Systems Management has been around for a very long time and the concepts are used by nearly all companies world wide.
When you have applications running on an Operating System on a server — maybe even multiple servers working together — you need to track the health of those systems, from basic up/down monitoring to in-depth monitoring around the health of technologies (i.e., web server, database, etc.).
Several years ago, customers would ask application vendors to provide health metrics, such as log files and reports, on their applications. Customers learned that in many cases, these metrics were not enough and/or not reliable.
The information was helpful for understanding the general health of the application, but not for getting a deeper look at issues. For instance, the web server could log that a port was blocked, but it couldn’t provide outwards to another application about response time measurements if the CPU was pegged or if there was an intermittent network problem. With the complexity we deal with today, a corporate website — even one load balanced in a cluster — has many metrics from different silos of technology, including the actual web server application (i.e., IIS, tomcat), the Operating System (Windows, Linux, etc.), a database (Oracle, mysql, etc.) running on another server, the database storage system, routers, firewalls, switches, on and on.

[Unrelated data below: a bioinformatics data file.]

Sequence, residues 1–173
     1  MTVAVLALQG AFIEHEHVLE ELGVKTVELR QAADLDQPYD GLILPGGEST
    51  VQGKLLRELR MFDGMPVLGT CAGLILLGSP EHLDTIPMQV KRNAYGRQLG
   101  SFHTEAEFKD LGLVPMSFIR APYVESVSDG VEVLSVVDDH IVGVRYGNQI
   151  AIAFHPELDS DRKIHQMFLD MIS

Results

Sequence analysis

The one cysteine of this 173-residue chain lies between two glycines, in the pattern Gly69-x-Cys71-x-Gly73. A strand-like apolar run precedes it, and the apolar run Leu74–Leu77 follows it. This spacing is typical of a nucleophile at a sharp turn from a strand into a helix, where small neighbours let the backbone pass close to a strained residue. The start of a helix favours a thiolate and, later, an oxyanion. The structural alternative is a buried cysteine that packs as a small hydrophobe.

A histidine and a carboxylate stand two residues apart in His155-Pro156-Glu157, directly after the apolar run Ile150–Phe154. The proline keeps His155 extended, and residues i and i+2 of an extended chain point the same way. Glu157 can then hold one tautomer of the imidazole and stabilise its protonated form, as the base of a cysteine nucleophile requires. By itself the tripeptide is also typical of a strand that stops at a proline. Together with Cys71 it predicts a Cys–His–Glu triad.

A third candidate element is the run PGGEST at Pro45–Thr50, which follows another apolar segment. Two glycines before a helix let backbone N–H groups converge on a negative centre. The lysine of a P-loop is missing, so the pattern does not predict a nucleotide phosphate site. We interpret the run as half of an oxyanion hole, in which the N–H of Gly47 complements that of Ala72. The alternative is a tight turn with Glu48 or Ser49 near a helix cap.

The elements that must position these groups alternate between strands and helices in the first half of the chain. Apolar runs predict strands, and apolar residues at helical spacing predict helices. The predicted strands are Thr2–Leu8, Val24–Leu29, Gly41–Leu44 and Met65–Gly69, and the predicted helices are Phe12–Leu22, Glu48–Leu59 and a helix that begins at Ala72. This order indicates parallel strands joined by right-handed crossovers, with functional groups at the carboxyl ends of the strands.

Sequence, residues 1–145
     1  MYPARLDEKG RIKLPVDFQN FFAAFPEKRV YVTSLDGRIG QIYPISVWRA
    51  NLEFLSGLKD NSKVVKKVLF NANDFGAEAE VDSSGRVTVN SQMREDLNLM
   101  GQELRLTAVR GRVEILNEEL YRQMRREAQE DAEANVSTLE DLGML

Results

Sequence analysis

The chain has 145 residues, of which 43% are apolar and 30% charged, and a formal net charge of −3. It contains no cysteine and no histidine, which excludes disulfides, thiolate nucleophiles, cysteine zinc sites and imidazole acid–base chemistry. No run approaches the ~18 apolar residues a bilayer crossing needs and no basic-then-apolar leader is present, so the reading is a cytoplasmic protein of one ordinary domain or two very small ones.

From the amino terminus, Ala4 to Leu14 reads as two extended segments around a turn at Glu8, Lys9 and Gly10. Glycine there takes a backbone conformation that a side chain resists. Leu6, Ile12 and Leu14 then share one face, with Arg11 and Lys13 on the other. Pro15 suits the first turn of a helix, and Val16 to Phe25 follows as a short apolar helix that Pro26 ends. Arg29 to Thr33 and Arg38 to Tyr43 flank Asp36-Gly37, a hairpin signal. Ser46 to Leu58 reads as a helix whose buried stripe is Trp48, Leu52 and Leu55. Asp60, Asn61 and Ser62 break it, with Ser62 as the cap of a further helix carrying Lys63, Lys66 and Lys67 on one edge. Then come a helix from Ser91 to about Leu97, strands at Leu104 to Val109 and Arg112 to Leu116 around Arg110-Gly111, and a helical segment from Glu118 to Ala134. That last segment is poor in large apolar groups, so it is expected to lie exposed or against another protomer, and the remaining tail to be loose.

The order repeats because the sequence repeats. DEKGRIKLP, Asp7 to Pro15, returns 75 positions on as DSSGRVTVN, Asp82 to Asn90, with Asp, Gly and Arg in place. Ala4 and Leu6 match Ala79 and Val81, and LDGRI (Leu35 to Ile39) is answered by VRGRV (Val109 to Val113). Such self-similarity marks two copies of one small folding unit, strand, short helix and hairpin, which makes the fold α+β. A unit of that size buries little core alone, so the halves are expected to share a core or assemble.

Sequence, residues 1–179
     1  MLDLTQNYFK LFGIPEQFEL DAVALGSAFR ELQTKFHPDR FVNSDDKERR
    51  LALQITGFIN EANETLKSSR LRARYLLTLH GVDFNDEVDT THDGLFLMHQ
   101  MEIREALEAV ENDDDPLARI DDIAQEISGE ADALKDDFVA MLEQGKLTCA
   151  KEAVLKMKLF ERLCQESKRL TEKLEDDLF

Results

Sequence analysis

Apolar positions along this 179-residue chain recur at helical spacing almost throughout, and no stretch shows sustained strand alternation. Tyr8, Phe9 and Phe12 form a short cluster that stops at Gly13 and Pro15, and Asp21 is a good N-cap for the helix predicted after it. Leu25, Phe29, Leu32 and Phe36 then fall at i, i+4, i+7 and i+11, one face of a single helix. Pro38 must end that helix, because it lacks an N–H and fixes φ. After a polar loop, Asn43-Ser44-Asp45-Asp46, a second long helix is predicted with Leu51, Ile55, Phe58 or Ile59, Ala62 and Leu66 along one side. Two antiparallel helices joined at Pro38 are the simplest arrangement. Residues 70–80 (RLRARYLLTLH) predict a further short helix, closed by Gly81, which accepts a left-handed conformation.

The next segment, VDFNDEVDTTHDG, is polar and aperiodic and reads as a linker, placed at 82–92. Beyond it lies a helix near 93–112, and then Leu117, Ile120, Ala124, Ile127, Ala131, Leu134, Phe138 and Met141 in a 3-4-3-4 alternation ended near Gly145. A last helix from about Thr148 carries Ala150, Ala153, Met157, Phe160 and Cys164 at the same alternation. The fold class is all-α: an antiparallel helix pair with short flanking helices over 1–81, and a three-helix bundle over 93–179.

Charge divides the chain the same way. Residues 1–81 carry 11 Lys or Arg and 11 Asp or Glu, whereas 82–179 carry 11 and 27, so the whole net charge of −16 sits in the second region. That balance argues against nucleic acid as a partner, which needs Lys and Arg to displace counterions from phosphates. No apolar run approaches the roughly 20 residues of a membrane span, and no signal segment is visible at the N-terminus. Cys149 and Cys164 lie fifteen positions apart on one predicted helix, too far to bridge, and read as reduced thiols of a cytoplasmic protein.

IT departments realized they needed tools that focused on monitoring the health and availability of critical systems within IT. There are numerous tools available from big companies like IBM, CA, BMC, HP, etc., and from smaller vendors (NetIQ, Zenoss, Solarwinds, etc.). The open-source community (OpenNMS, Nagios) offers even more.
The interesting thing is, each tool has a list of things it does well and things it doesn’t do well. I have worked with many large corporations, specifically in the area of monitoring the health of the enterprise, and they typically use several tools from multiple vendors. They have tools that focus on discovery of new devices and report on basic up and down; tools geared toward reporting on the health of Operating Systems and monitoring the health of applications. Other tools focus on being the best at reporting the health of specific applications. Of course they have a whole other set of tools for Network, Storage, Response Time and more.
I like to summarize it this way: There are seven layers in the OSI Stack. While there may be a couple of tools out there able to monitor each individual layer, there is typically a “best of breed” for each. One vendor may be the best of breed for one or more layers, but they are not the best of breed for all of the layers. With that in mind, if you want to monitor the overall health and availability of your enterprise end to end, you typically need to monitor several (if not all) the layers, and in turn, IT needs to leverage tools from multiple vendors, maybe even some custom-built tools.